A year ago, in the June Record, I shared about the 2014 Encouragement Road Trip I took through Western Canada. Because the trip was so well received and because the support of individuals and churches exceeded the expenses by a good margin, I floated the idea of a trip east this year. The response was immediate and positive. Within weeks all the finances were in place as well as a good start in requests for meetings and meet-ups along the way.
As I write this, I am halfway through the 2015 Encouragement Road Trip. What a privilege and honour to be able to minister in this way. Already I have experienced great hospitality, quite varied ministry and extensive opportunities to speak words of encouragement to ministers, their families and their congregations.
Much of it seems like a blur as I have visited in six provinces in the past 11 days. However, there is a recurring theme that is consistent with my experience everywhere in the denomination. There is a pattern of isolation, discouragement, anxiety and evidence of burnout coming from many of our ministers. My prayer is that the words of encouragement I bring and the opportunity for them to unload their hearts in a personal and confidential way helps in some measure to ease their burdens.
But I discovered something unexpected this trip. The Presbytery of P.E.I. has taken a most positive step in dealing with these issues. With support of the synod, who had encouraged presbytery projects with unused synod staff funds, they have implemented a part-time leadership pastor position. The intention is to provide much needed ministry to the ministers.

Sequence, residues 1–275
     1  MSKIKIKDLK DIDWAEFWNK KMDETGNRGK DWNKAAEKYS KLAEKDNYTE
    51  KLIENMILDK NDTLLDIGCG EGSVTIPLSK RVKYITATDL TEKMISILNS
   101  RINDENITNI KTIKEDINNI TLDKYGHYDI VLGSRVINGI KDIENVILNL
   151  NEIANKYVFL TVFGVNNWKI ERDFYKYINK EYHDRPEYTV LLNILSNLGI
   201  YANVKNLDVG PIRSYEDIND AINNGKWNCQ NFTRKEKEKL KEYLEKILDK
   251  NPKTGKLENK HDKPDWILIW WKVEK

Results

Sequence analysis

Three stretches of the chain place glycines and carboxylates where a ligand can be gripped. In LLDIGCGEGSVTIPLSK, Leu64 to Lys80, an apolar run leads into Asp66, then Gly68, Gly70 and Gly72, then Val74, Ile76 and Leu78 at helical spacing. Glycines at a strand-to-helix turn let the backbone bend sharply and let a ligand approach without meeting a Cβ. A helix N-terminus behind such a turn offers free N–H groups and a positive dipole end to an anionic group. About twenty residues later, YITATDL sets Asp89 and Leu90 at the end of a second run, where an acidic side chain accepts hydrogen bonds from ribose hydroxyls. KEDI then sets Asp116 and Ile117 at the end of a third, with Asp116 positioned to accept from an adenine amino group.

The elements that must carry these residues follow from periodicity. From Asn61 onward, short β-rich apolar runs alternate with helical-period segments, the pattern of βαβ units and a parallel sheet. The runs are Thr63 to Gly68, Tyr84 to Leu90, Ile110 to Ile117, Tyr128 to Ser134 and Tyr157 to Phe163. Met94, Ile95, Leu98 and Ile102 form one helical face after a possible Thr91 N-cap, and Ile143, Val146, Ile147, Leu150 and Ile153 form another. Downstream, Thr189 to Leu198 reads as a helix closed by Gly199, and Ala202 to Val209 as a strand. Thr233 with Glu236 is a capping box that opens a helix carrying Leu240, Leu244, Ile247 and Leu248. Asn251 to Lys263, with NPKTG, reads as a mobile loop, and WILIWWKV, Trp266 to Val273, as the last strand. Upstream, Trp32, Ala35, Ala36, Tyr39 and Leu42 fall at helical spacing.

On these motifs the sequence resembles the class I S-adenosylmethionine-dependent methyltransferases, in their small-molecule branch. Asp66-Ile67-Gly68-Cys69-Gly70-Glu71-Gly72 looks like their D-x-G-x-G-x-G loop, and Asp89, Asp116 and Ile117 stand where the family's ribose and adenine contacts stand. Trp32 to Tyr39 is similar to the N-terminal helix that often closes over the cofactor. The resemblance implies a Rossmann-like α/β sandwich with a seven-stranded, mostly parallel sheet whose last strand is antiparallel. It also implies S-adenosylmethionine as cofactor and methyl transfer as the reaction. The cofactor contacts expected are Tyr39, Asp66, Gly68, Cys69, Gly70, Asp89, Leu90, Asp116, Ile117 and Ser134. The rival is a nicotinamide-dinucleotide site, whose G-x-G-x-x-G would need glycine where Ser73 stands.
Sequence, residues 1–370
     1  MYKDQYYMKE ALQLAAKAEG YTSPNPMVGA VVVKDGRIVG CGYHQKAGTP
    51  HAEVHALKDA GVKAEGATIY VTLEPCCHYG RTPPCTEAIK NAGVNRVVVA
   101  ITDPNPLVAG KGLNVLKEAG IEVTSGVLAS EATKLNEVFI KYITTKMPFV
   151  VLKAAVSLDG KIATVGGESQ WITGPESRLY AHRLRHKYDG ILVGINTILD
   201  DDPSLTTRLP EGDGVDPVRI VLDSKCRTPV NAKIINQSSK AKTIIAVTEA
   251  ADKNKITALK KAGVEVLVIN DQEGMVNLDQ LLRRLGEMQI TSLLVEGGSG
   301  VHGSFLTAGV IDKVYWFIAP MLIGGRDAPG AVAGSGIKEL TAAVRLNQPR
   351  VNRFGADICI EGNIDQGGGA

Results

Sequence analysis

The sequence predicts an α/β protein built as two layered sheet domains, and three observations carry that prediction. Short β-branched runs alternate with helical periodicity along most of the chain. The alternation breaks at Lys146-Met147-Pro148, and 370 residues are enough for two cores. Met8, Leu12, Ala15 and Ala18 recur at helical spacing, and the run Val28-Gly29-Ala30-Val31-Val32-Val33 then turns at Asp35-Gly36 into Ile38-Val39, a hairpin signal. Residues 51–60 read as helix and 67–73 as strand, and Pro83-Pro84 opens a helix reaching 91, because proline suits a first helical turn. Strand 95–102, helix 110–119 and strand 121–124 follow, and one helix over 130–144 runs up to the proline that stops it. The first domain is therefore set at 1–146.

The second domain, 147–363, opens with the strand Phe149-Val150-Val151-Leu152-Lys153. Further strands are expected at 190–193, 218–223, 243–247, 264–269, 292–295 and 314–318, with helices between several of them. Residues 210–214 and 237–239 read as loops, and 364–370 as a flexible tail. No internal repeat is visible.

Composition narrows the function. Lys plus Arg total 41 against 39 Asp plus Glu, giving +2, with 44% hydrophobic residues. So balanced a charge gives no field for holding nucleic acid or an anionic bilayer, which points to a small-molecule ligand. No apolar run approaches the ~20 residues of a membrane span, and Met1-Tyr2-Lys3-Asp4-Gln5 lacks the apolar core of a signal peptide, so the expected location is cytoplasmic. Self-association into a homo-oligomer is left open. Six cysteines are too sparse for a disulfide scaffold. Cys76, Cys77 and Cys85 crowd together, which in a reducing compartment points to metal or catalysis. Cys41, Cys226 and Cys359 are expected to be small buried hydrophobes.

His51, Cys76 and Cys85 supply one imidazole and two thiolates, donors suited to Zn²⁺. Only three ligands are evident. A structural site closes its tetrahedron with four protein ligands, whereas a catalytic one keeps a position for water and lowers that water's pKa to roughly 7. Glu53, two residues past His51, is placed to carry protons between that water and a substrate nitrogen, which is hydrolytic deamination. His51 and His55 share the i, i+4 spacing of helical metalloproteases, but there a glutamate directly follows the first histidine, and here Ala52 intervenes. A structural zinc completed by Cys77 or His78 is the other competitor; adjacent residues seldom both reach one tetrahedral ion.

Since November 2014, Rev. Andrew Hutchinson, a local retired minister, has filled this role. He reports a significant number of ministers are taking advantage of his availability. He attributes this to his neutral role in presbytery, the uncompromising confidentiality he promises and the palpable hunger for collegial connection.
Andrew reports that he is pleased with the progress to date and presbytery has also expressed confidence and approval of the program so far. His vision is to be a catalyst to create much more significant collegial interaction between presbytery members. While this will take consistent effort and initiative, Andrew sees the benefits far outweighing the investment.
When I asked if he recommended this approach for others he was unqualified in his response. So, I hope and pray that sharing this with my readers will spark some ideas and actions in other synods and presbyteries. I would certainly offer our resources to help coordinate an event to share needs and approaches so that others can benefit from what has already been learned.
And as I have said before, please remember to pray for all our ministers and leaders.